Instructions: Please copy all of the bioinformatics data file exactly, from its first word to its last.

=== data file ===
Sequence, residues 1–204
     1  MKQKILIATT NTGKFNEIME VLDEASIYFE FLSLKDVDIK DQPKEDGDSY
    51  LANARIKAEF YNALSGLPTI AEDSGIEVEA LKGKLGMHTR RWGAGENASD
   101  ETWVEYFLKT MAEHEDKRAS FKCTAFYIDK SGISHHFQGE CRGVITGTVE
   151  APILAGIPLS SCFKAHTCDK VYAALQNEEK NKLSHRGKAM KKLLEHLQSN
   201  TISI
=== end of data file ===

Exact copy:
Sequence, residues 1–204
     1  MKQKILIATT NTGKFNEIME VLDEASIYFE FLSLKDVDIK DQPKEDGDSY
    51  LANARIKAEF YNALSGLPTI AEDSGIEVEA LKGKLGMHTR RWGAGENASD
   101  ETWVEYFLKT MAEHEDKRAS FKCTAFYIDK SGISHHFQGE CRGVITGTVE
   151  APILAGIPLS SCFKAHTCDK VYAALQNEEK NKLSHRGKAM KKLLEHLQSN
   201  TISI